Wismar became a Hanseatic League town in the 13th century and its buildings clearly testify to a prosperous place for hundreds of years after that. The town and some surrounding areas then spent most of the 16th and 17th centuries as part of Sweden and there is evidence of that too, including two baroque Swedish heads which stand on mooring posts guarding the entrance to the harbour. (These are replicas, the originals having been damaged by a Finnish barge in 1902, one original being in the town museum). Then in 1945 the town was bombed by the RAF and finally Wismar was in the former East Germany until 1991 which is why not everything about the town is satisfactory. But it is a UNESCO heritage site with a superb central market square dominated by a magnificent Rathaus. It is said to be the largest remaining medieval town square in Northern Germany. 

Part of the central market square
 We also visited four churches, St Nikolai Kirche, the largest and only remaining intact of the three red brick churches that dominated the roof-scape before 1945; Heiligen Geist Kirche, originally a hospice dating from the 13th century; St Marien Kirche, originally built in the 13th century but all that remained after the 1945 bombing was the steeple; and St Georgen Kirche, again bombed and then left in ruins in the time of the DDR, its shell has now been reconstructed and it is used for concerts and public events. So quite a change in church use in about 70 years.
Although a lovely sunny evening there had been a little cloud in the sky that day and it looked as though, after 11 days of sunshine, the very warm spell was coming to an end. The following day there was more cloud in the sky and the forecast was for strong breezes of F4 and F5 for our 30nm trip to Travemunde. We cast off just before 0900 and for the first few hours headed north out of the bay. As we began to lose the shelter of the land the wind and the waves increased until eventually we were coping with winds of F5 gusting to the top end of F6 and wave heights of around 1.5-2.0m. Naturally we were sailing fast at times but once we turned to head W, for the last final 90 minutes or so we had the E wind right behind us as we surfed with the waves.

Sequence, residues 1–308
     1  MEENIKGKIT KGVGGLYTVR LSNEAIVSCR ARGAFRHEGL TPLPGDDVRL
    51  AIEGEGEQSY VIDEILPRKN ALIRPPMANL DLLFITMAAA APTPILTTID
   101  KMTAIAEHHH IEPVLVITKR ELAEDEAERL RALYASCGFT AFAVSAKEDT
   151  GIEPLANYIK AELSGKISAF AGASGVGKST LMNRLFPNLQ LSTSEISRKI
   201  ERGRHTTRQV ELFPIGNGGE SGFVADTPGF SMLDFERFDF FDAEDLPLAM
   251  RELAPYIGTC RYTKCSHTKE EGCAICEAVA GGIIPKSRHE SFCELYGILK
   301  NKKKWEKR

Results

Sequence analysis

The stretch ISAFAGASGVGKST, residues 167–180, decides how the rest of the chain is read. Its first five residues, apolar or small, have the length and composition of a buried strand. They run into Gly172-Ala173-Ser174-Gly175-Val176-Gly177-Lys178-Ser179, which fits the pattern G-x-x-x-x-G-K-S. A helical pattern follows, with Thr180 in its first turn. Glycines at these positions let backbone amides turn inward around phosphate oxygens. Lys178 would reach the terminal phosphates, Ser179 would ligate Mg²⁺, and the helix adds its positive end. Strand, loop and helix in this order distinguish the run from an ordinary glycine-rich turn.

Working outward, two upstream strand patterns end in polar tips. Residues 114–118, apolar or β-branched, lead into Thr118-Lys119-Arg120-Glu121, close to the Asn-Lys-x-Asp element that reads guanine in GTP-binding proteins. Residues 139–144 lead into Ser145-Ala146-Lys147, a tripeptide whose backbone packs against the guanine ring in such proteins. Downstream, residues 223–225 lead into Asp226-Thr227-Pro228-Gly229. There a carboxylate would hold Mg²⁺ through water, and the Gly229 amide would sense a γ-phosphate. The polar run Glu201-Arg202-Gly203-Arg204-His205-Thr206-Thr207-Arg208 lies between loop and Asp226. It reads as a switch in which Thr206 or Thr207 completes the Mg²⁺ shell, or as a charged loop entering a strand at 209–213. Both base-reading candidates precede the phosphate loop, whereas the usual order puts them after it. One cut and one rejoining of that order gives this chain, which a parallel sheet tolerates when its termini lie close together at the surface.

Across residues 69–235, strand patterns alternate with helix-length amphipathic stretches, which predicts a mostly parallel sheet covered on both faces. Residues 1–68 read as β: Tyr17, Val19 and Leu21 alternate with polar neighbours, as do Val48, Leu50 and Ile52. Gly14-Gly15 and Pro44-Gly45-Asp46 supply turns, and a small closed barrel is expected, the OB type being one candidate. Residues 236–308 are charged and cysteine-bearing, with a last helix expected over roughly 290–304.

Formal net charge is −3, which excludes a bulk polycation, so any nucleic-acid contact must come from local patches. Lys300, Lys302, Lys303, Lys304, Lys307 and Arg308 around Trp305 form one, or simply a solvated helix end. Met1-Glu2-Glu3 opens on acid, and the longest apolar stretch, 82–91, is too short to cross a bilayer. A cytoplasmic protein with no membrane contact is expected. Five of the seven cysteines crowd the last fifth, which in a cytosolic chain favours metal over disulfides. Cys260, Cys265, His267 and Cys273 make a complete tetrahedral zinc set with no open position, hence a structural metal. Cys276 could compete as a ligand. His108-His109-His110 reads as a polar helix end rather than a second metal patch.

Travemunde is a coastal resort at the mouth of the Trave river which leads to Lubeck. It is a thriving holiday resort and a very busy car and commercial vehicle ferry port with regular departures to Scandinavian and other Baltic ports. To our surprise the various marinas had few spaces but we did eventually find a place for a couple of nights. We were at the end of a pontoon adjacent to the main channel so the ferries passed very close to us.
Ferry manoeuvering in channel, going astern to dock.
On Sunday we took the bus to spend time in a founding city of the Hanseatic league which also has over 1,000 historic buildings, some dating back to the 12th century. Another World Heritage Site which also suffered bombing, in 1942, but also famous for its marzipan. We spent a day looking at the impress city centre with streets lined with medieval merchants' houses and spired churches. 
Street with Merchants' houses.